The costs of being a landlord
If we had a pound for every time we’ve heard someone say that being a landlord and investing in property is a way to make easy money, we’d be sitting very pretty indeed. The truth is that although returns on a buy-to-let property can easily outstrip anything you’ll find in terms of savings interest, there can be huge gaps between earnings predicted and those actually achieved.
The reason is simple. Predicted returns rarely include all the costs landlords incur and certainly don’t give enough weight to the possibility of problems. That’s not to say you can’t make money in property – you can and you can also build up equity while you’re doing it, but this is a business you need to go into with your eyes open. You need to create a business plan, shop around for good deals, negotiate and plan for contingencies. If you’re trying to operate on a shoestring, you’ll need to be both very smart and very lucky.
Costs can be broken down into three main groups – the unavoidable, the possible and the unpredictable. Let’s look at these in turn.
These include things that are mandatory requirements for landlords. Although you may be able to secure a good deal, you have to purchase an Energy Performance Certificate (and renew it after ten years or if you upgrade the property’s insulation). You’ll need to pay for annual gas-safety checks (and to make safe or replace any gas appliances that fail the tests). You’ll need to install smoke and carbon monoxide alarms. None of these costs are huge, but they start to mount up, and in year one of your operation, when you’ll have lots of other discretionary expenses, you need to ensure these essentials are within your budget.
Then there’s the taxman. He’ll want either 20% or 40% of your income, depending upon the overall level of your earnings. And don’t think you can quietly forget about mentioning your buy-to-let to HMRC. They’re using all the info they can access – including things like Tenancy Deposit Protection schemes – to find those landlords who aren’t paying their due.
Some local authorities require landlords to be licenced and some will charge a fee for that licence.
If you use a letting agent, expect to pay a substantial percentage of your rental income for their services. Obviously, it’s up to you to negotiate a deal that fits your needs, but depending on the level of service and support you choose, you could easily be paying 10 or 15% of rent straight to them. Agents also charge for finding a tenant, for sorting agreements and for renewing them. Make sure you know exactly what you’re getting for your money. If a deal seems too good to be true, it probably is and could end up costing you more in the longer term.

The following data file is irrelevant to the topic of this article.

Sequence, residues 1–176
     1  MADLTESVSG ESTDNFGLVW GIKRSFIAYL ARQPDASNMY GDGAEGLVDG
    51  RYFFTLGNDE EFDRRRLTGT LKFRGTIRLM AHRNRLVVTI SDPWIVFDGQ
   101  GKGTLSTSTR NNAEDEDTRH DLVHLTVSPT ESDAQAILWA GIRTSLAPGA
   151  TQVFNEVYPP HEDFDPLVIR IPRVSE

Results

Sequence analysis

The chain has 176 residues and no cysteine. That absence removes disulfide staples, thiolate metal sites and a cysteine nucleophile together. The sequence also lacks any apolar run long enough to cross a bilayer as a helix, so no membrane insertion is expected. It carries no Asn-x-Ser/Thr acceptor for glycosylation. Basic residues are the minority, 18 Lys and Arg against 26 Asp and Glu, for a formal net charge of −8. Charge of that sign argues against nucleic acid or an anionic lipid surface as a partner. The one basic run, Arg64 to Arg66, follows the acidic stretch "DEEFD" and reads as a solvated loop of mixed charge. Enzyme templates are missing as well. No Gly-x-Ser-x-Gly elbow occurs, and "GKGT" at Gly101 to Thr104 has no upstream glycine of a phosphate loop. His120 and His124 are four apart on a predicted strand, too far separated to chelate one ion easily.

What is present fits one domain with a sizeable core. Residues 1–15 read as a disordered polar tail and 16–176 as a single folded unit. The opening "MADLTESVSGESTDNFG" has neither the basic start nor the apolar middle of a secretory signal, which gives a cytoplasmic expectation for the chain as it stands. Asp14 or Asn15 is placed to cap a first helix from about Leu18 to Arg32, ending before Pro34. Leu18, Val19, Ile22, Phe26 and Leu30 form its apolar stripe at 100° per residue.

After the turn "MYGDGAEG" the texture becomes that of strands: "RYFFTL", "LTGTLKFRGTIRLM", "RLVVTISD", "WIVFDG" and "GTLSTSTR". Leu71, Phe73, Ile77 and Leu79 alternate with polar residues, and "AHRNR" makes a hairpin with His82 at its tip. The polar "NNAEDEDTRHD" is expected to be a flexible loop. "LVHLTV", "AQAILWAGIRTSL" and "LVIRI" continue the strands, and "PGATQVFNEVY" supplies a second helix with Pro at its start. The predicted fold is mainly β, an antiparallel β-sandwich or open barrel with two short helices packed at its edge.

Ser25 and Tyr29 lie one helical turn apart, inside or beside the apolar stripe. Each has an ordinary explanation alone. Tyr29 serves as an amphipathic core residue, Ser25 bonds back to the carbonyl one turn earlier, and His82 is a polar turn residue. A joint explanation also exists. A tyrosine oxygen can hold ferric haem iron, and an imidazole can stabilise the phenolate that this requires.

Mortgages for buy-to-lets typically have a higher interest rate than for owner-occupied dwellings so make sure you factor that into your calculations. And be prepared for interest-rate hikes – this long period of stability we’ve had in the mortgage market could well change.
Budget for insurance too. If your property is mortgaged you’ll probably find Buildings Insurance is a condition of the loan, but don’t forget other cover – for fixtures and fittings, for emergency repairs, legal expenses and rent protection.
Then add to your budget the cost of void periods. You won’t be earning if you don’t have a tenant, but you’ll still be covering things like council tax and standing charges on utilities.
What we wouldn’t give for a crystal ball!
There are so many things that could cost you money. Your roof might look sound, but a freak storm could dislodge the slates. The washing machine you’ve installed, new, could become a lemon the day after its warranty expires. The boiler may blow up and the tree in the garden blow down. The tenant that promised they’d never smoke indoors could have left you with nicotine stained décor that costs more than their deposit to repair. And to keep your property profitable, safe and desirable to rent, you’ll have to carry out the repairs.
Of course, you might have a good run of luck, but if you do, salt away some of the surplus for the times when one problem follows another because we all have times like that. A legal issue could arise, your rent disappears and a huge maintenance bill crops up.
Not quite a gold-mine, but still a sound investment
Enough of this doom and gloom. Property still offers plenty of potential for good returns and an appreciating asset value. It’s not quite the easy way to riches that some might think, but with a bit of common sense, sensible budgeting and a plan for the inevitable contingencies, it’s still a sound investment.